Like many young Ladakhis, these four women have made the journey back home after studying in other cities. They have come back home to start various businesses, whether it’s in food processing, apparel wear, construction or tourism. They are leveraging the region’s natural resources, familial and community networks to create something distinctly Ladakhi, but with a flavour of the world outside. After all, Ladakh has the resources to make it happen.
All four women are from different parts of Ladakh. Angmo is a native of Thiksey village, while Yangdol is from Basgo. One Padma Angmo is from Martselang village, while the other bearing the same name is from Takmachik. They have studied in schools and universities outside Ladakh in cities like Delhi, Jammu and Chandigarh.
Having said that, Kangla-Nyishar is still in its nascent stages as a venture. A few of them even work in local non-profits, while working on their startup’s products from 6pm onwards, all the way into the wee hours of the next morning.
“As a result of COVID, we couldn’t launch our products in a major way. We are currently at the stage of rebranding, coming up with a new label, different stories to describe our products and alternative packaging design. In fact, we are in the process of changing our name from Kangla-Nyishar to Nima Goos Goos, which we feel registers better in the minds of our customers outside Ladakh. Nima Goos Goos is also another name for sunflowers in Ladakhi. Once this is done, we will launch our own nettle tea and you will find our products on different e-commerce platforms,” says Angmo.
Making Pesto and Buckwheat Tea
Yangdol goes on to explain the process of making these products.
One of the examples she cites is walnut pesto or Barims which is often used as a sauce, spread or dip.
Here is how they fill up a 300 gm jar of pesto:
-½ cup walnut
-1 clove garlic
-¼ of a bunch of coriander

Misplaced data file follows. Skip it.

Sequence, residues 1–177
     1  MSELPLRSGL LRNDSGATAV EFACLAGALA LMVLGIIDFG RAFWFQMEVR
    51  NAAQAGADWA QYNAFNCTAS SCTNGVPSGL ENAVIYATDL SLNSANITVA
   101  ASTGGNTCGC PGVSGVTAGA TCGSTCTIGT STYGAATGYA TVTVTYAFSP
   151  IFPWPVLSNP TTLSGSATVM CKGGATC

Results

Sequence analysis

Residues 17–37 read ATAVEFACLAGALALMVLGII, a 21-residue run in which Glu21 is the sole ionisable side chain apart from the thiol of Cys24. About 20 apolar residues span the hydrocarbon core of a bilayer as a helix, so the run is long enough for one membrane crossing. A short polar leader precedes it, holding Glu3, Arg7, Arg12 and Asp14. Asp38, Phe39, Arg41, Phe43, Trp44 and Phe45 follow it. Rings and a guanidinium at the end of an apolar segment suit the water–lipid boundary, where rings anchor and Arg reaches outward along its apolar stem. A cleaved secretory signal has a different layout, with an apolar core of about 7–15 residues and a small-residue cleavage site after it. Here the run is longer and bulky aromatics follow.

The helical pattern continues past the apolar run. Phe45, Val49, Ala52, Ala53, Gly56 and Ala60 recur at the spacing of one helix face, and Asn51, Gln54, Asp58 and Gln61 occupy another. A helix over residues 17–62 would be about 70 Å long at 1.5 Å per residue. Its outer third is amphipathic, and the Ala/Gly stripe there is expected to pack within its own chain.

-2-3 sprigs of mint leaves
-Salt as per taste
-Olive oil to drizzle over the top
-Put the ingredients except the salt and olive oil in a stone pestle or mixer till it forms a paste.
-Take the paste out in a bowl and mix some water to get the consistency you like.
-Add salt for taste.
-If not consuming immediately, add olive to thinly cover the top to maintain its freshness and colour.
“This can fill a 300gm jar, but that is up to the person on how much water/buttermilk they want to add. One point to note is to store it in a non reactive container. You can replace water with buttermilk for a refreshing spread,” says Yangdol.
With a light nutty taste, the main ingredient in buckwheat tea is whole grain buckwheat.
-Handpick the impurities in the grains.
-Put the pan over the wood fire or stove.
-Put the grains into the pan and once the pan heats keep stirring with a wooden spatula to roast uniformly.
-When it turns light brown or releases a nutty aroma, take the pan off the fire and spread the grains on a cotton cloth.
-Allow it to cool before storing in an airtight container.
A point to note: If the grains start to pop, stir more frequently.
-Put half tea-spoon buckwheat into a cup.
-Pour boiling water.
-Keep it covered for 2 mins.
-Buckwheat tea is ready to drink.
A point to note: Add honey for sweetness
“Chew on the goodness of soaked grains after you finish the tea,” adds Yangdol.
(Edited by Yoshita Rao)